Make every bite count with our Baby Foods(By Age)
Do not even think about giving your baby a spoon of your own food. Your baby has a very delicate digestive system and cannot handle even the mildest of spices. In addition, salt and sugar should be avoided until the baby is at least 1 year old. This is because salt and sugar increase stress on the kidneys.
A simple porridge made of mashed rice is the ideal first food for your baby. Rice is easy to digest and is an excellent source of carbohydrates and vitamins. This porridge may be made in water of in breast milk.
If you don’t feel up to making fresh porridge every day, you could consider natural, homemade porridges like ByGrandma’s Rice Porridge
Buy ByGrandma’s Plain Rice Porridge
Once your child can eat more than a spoon of rice porridge, you may introduce pureed fruits to their diet. Bananas, apples, chikoos and pear are popular fruits for babies. While bananas can be mashed and fed as is, apples and pears may be steamed and then mashed or pureed.
Like fruits, you can also give your baby mashed or pureed vegetables. Carrots, potatoes, pumpkin, beans et car packed with vitamins and minerals that can help your baby grow stronger. These may also be steamed before being pureed.
You could even mix a little mashed fruit or vegetable with porridge.
You could also try giving your baby boiled and mashed lentils or dal. The water used to boil the dals is also very nutritious for your baby.
Alternatively, you could make a porridge of mixed rice and dal. A porridge can also be made with other grains such as wheat, barley, oats and millets. To make a gruel with these cereals, the must first be ground and then cooked with water or milk.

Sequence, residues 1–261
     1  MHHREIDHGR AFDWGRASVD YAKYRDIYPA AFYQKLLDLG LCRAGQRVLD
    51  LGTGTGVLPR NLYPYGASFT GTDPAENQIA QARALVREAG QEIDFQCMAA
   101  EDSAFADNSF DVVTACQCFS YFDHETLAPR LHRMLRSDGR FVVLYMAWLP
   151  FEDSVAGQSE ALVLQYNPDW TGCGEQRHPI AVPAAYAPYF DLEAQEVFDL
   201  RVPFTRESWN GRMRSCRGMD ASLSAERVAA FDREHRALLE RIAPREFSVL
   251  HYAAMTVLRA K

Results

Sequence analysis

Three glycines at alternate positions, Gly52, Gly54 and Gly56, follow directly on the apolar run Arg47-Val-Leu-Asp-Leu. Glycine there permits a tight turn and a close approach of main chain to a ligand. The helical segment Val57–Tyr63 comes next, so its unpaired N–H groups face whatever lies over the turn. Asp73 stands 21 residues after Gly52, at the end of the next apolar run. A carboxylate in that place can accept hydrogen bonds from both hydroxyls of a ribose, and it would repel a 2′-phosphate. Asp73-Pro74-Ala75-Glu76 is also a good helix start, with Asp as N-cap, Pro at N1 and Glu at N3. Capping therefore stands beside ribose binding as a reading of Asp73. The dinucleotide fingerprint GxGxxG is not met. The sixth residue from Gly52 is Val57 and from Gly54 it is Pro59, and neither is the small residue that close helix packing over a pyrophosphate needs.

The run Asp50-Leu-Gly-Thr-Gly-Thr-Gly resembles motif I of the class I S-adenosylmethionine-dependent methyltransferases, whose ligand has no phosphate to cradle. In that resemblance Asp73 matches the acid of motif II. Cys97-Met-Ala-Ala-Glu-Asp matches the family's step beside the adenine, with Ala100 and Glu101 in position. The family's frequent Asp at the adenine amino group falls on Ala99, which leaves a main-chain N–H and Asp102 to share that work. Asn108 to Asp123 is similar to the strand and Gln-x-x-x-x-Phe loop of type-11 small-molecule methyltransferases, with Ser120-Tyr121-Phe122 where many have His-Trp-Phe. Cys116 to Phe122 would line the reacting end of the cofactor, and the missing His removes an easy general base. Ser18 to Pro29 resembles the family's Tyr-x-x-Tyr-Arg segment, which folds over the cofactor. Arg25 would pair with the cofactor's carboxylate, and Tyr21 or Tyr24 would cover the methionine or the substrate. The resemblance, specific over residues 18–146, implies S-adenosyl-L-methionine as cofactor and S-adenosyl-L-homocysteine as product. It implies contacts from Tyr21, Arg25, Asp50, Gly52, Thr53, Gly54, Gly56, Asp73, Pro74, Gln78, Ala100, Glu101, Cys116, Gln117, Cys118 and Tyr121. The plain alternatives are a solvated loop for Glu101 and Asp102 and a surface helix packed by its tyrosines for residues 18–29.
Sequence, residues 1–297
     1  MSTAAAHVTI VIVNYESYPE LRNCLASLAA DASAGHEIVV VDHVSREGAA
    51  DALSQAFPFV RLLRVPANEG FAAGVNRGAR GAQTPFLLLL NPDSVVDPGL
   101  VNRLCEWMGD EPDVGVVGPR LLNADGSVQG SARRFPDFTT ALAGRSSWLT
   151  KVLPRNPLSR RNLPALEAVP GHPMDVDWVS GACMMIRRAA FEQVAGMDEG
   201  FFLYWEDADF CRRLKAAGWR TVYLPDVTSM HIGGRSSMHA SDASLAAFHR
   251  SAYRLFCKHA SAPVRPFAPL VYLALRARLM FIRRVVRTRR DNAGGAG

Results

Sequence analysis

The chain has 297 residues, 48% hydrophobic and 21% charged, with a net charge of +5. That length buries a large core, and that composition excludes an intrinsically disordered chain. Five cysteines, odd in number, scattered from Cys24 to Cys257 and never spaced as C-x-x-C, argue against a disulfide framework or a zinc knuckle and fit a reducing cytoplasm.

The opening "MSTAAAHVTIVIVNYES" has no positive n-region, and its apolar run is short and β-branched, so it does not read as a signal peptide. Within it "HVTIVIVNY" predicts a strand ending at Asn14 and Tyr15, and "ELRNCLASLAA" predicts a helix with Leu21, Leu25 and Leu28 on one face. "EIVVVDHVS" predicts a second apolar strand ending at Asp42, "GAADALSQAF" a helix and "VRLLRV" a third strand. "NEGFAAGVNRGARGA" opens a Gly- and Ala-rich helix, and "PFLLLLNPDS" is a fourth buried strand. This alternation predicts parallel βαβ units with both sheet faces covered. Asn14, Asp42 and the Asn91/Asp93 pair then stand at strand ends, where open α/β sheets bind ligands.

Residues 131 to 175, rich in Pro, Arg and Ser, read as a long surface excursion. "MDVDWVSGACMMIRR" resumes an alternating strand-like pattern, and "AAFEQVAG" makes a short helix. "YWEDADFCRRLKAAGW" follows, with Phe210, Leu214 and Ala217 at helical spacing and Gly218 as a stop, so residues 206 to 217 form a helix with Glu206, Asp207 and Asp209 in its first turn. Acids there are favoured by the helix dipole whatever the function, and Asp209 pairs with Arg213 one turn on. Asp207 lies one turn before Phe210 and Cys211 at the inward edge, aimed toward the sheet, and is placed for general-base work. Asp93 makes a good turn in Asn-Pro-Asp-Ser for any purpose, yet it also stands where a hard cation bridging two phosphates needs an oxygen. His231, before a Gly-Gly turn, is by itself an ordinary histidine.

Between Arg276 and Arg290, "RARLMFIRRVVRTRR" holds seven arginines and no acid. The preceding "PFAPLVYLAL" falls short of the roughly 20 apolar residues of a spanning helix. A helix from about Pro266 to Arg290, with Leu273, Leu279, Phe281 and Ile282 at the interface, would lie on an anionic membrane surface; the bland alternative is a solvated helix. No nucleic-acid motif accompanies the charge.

ByGrandma has a number of different types of cereal-based porridges for your little one. These have no preservative and artificial flavouring added and hence are as good as your homemade porridge.
Buy ByGrandma’s Rice and Moong Dal Porridge
What if Your Baby Develops an Allergy?
No two babies are the same. It is not abnormal for a baby to develop an allergy to certain foods. An allergic reaction could be in the form of a rash, a tummy ache, vomiting or diarrhoea. If your baby shows signs of an allergic reaction, stop whatever you are feeding your baby immediately and consult a doctor as soon as possible.
Feeding a baby is not an easy task. Here are a few tips that could help.
Don’t be in a hurry to get your baby to eat solid food. Start with a teaspoon at a time and gradually increase the quantity. If your baby likes it, he/she will ask for more on their own.
That said, introduce your baby to one food at a time. This helps you understand how your baby reacts to different foods, which ones they like and which ones they don’t and helps identify foods they may be allergic to.
When you puree food for your little one, make sure there are no lumps in them. Lumps can make your baby gag or even choke.
Lastly, establish a feeding routine with your little one. Always feed your baby in a quiet place where you have no distractions.